Posted: June 29, 2012
Getting past the gatekeeper
How to open doors and opportunitiesLiz Wendling
In today’s business climate. salespeople are finding it harder and harder to reach decision makers and connect with new customers. Years ago, it was easy to call someone and actually talk to them live. Not anymore. Many businesses are putting up barriers designed to keep strangers and salespeople out of the workplace.
Most salespeople know that the receptionist or gatekeeper has been specifically trained to keep you from talking to or even getting close to the decision makers. With their stealth-like phone abilities, they hold the key to your success or failure in their hands, and their job depends on it. They’re great at what they do, and if you think you can fool them, you’re dead wrong.
Getting past gatekeepers can be tough because you’re on their turf, they’re guarding the gates and what they say goes. They decide who gets in and who doesn’t. Your goal is to treat them like the intelligent, honest and hardworking people they are. They already know you’re a salesperson; your attempts to schmooze and charm them are simply annoying. Worse, this behavior plays up to all of the salesperson stereotypes that people dislike so much.
Most salespeople assume that the gatekeeper doesn’t have the time, judgment, or influence to help them, and immediately ask for the decision-maker. Huge mistake! Some gatekeepers have influence over the type of person or company that gets through the gates. They are trained to screen out salespeople who view them as just an irritating obstacle. Treat every gatekeeper with courtesy and respect. They’re just doing their job and they do it well.
One way to ensure your calls will come to a complete stop is to try too hard to engage in small talk by asking them how they are doing, did they have a good weekend or are they having a great day. You’re wasting their time and perhaps your only opportunity. Everyone else who’s calling asks the same outdated and time-wasting questions. The biggest mistake you can make is not quickly getting to the point of your call. Let them know you have a purpose and a reason why you’re calling. They’re busy and don’t have time for chit-chat.
Don’t buy into the belief that you need specific tricks, fancy footwork and a few good one-liners to make your way past the gatekeeper. If your calling strategy involves “tricks” then you are wasting time, money and energy. Tricks are for amateurs.
You must start by changing your mindset around the gatekeeper. It’s not about how to get past the gatekeeper it’s about how to work with the gatekeeper. Your only job is to engage them and convince them that your message has value. Work with them and they’ll work for you. Don’t ever resort to lying about why you’re calling or use some the gimmicks still being taught today to get past them. They’ve heard them all and they no longer work.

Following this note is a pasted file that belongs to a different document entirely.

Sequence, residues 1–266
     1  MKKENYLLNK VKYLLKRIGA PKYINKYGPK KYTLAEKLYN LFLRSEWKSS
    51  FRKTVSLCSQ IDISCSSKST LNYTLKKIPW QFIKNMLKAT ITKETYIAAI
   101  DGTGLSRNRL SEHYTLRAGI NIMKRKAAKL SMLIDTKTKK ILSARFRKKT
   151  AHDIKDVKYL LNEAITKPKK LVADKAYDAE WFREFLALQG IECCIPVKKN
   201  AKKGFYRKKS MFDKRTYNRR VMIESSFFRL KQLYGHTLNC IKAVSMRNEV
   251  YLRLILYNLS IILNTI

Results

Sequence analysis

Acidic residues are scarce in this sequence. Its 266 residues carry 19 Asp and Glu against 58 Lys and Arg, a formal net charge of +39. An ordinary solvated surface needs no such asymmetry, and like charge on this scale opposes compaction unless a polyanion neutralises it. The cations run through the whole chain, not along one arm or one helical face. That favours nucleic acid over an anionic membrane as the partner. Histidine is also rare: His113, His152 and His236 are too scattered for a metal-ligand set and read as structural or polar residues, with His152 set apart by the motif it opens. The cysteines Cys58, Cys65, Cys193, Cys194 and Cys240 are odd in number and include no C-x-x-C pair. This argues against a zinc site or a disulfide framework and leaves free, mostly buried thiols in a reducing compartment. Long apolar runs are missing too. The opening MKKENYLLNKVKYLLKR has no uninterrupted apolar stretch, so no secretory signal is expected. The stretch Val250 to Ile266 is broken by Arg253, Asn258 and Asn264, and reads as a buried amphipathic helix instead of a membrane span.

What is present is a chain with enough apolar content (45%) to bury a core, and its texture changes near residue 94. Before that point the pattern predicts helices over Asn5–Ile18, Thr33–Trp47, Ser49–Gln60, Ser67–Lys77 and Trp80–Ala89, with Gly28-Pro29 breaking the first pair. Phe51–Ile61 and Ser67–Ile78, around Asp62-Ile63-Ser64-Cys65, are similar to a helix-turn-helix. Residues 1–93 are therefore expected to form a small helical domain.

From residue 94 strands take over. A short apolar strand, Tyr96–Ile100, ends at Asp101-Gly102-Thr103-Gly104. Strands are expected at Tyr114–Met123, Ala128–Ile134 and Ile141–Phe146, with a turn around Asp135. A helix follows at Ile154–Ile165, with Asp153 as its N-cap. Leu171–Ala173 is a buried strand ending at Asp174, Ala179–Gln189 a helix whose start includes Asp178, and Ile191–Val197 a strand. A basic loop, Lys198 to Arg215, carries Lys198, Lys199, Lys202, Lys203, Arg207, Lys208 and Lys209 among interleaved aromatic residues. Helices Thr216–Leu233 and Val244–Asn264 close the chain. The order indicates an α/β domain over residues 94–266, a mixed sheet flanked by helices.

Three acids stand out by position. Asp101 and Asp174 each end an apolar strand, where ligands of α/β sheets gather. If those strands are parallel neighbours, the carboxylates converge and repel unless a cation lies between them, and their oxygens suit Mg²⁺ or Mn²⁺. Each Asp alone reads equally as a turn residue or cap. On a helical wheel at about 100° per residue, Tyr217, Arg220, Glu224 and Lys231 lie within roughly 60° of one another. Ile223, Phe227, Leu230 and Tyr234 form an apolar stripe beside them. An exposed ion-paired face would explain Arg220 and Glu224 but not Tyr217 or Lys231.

Like it or not, some gatekeepers are now part of the sales process, one of the decision maker’s most trusted advisors. You must “sell” them and stop looking for ways to get past them.
Getting past the gatekeeper is what separates the sales superstars from the rest of the pack. It takes resourcefulness, persistence, creativity and a willingness to try different approaches.
Gatekeepers can either be your friend or your enemy. If they see you as just another annoying caller, you’ll stand little chance of getting the decision maker to take your call. If they like you and see you as a persistent salesperson, they’ll give you respect, open the gate and put your call through. Remember, they decide if you get through the gates or not. It’s not what you sell, it’s how you sell.
Liz Wendling is the president of Insight Business Consultants, a nationally recognized business consultant, sales strategist and emotional intelligence coach. Liz is driven by her passion for business and generating results for her clients. Liz understands the challenges that business owners are facing building a business and selling their professional services in today's market.
Liz shows clients how to tap into and use their innate strength, power and confidence to develop highly successful businesses. She teaches them to create effective, dynamic and fluid client conversations that turn interested prospects into invested clients who keep coming back.